I'm delighted to feature my interview with Maya Soetoro-Ng, President Obama's sister, on the launch date of her debut picture book, Ladder to the Moon (illustrated by Yuyi Morales, Candlewick Press).
I'll be giving away a copy of Ladder to the Moon. Find out how you can enter to win, below.
Ann Dunham, mother of Maya Soetoro-Ng and President Obama, died almost ten years before Maya's daughter Suhalia was born. In Ladder to the Moon, Maya has found an imaginative way to unite Suhaila with her Grandma Annie, sending them off together on a magical dreamlike journey of love and healing.
This lyrical story brings together imagery and influences from Maya's own childhood. When Maya was a young girl, her mother gave her a postcard of the 1958 Georgia O'Keeffe painting, Ladder to the Moon. Maya kept the postcard, and the image of the golden ladder climbing up the sky to the moon stayed with her.
|Ladder to the Moon - Georgia O'Keeffe|
As a child, I understand you were enchanted by the Georgia O'Keeffe painting, Ladder to the Moon, on a postcard your mother gave you. Your picture book, Ladder to the Moon, combines a similar thread of magical realism with other themes -- such as hope, a love that transcends generations, and the idea of reaching out to comfort and empower others.
Besides the O'Keeffe painting, can you tell us about some of the other influences from art and literature that may have contributed to your writing this book? Are you a magical realism aficionado? What favorite childhood books/authors/poets have continued to resonate with you as an adult and as a mother?
M S-N: Yes, magic realism is definitely my preferred genre. When I was a child, Mom took me to a lot of places with rich history and art, places where people believed in magic and where one could see poverty and suffering transformed into something kinder through poetry, music, and art. In Jogyakarta, we watched the interplay of shadow and substance during all night shadow puppet theater or wayang. On Gedung Songo in E. Java, we heard villagers play ethereal music to bring back the sun during a total eclipse. We listened to chants while wading our feet in the Indus River along the Karakoram.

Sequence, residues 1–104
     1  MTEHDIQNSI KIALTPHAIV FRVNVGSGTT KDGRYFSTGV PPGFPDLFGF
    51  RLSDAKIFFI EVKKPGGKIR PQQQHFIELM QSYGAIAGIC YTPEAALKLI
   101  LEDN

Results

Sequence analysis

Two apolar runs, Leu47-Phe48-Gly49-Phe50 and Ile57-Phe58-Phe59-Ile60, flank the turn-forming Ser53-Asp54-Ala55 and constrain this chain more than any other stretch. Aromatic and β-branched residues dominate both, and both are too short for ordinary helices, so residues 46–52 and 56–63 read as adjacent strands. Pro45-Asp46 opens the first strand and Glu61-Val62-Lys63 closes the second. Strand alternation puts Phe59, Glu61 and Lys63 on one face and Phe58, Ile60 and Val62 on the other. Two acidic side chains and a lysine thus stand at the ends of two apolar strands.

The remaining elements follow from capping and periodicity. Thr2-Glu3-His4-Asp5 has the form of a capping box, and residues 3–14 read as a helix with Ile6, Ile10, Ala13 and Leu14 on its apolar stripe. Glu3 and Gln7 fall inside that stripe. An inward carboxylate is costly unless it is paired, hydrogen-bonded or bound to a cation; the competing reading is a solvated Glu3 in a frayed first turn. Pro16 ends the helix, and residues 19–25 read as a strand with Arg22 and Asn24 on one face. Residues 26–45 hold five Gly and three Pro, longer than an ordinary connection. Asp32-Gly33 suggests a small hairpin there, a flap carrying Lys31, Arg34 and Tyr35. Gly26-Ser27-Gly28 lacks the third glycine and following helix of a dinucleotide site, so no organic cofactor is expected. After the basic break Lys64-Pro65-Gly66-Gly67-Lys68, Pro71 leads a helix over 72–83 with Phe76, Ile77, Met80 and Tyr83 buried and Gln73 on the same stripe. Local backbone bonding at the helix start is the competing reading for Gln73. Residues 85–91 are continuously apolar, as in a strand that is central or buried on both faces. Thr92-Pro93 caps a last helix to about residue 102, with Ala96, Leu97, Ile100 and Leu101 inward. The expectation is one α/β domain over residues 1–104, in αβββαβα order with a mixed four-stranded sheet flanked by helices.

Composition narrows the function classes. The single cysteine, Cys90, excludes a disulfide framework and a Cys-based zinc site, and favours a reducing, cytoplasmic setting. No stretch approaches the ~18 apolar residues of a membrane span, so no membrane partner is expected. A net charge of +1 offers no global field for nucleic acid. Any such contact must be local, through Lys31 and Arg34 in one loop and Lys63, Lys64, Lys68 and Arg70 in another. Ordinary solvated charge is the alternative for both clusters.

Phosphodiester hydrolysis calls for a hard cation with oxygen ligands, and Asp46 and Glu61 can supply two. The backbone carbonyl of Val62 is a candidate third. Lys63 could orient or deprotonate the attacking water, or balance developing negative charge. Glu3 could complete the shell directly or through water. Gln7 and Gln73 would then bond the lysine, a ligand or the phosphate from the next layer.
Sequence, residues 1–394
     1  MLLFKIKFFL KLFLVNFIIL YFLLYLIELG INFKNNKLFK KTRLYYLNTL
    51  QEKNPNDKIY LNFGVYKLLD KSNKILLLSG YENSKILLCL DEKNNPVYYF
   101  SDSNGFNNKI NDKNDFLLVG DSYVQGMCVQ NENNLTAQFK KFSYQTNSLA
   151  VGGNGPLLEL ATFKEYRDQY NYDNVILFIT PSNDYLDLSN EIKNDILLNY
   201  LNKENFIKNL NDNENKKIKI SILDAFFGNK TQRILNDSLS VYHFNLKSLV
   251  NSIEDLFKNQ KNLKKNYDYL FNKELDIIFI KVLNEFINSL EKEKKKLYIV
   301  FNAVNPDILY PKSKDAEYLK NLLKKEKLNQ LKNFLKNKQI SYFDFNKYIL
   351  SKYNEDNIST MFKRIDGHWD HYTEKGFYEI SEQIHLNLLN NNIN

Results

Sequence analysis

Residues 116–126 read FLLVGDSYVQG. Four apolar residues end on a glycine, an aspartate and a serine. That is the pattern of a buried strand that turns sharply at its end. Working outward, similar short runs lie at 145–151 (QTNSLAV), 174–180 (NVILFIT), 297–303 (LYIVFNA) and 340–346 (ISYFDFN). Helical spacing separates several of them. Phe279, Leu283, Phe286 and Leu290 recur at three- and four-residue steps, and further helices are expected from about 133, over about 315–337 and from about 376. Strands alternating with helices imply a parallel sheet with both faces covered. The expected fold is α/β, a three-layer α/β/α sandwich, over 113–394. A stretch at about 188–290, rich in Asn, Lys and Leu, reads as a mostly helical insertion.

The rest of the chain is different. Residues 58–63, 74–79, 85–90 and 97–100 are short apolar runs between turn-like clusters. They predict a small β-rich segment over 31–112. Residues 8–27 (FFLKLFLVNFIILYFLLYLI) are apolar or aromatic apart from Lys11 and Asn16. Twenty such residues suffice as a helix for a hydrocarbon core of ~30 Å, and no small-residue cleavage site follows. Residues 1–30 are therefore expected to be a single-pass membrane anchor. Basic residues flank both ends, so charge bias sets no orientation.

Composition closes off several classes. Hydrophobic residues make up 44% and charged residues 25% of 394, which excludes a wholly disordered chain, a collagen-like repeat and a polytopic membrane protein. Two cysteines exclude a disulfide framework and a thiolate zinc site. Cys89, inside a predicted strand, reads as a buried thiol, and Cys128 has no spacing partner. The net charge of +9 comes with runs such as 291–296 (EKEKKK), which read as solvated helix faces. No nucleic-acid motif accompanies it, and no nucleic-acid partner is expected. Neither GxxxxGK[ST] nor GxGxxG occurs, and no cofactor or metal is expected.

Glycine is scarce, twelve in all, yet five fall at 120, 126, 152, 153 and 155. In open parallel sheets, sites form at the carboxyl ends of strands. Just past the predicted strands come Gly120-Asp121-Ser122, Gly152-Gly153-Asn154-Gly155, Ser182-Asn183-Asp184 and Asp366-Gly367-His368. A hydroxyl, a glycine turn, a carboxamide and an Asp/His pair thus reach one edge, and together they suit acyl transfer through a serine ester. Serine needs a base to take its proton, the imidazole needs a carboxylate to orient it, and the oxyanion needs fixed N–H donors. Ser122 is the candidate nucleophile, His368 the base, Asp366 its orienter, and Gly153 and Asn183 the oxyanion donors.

As a teenager, then, it was natural that I fall in love with Isabelle Allende, Jorge Luis Borges, Gabriel Garcia Marquez, and Toni Morrison; I adore them still. I love how densely populated their worlds were. I love the power of their language to create wonder. I also really enjoyed the mystery and lyricism of parts of Mahfouz' the Cairo Trilogy and river stories like VS Naipaul's, A Bend in the River and Ursula Hegi's, Stones from a River.
Beautifully realized in the illustrations by Yuyi Morales, Ladder to the Moon is an elegant dreamlike text. I understand your mother told you stories beneath the moon. Can you discuss the evolution of using the moon as a metaphor to describe Grandma Annie? I found it lovely that you described the moon - and thereby Grandma Annie - as, "Full, soft, and curious." Can you elaborate a little on the connotations of those words?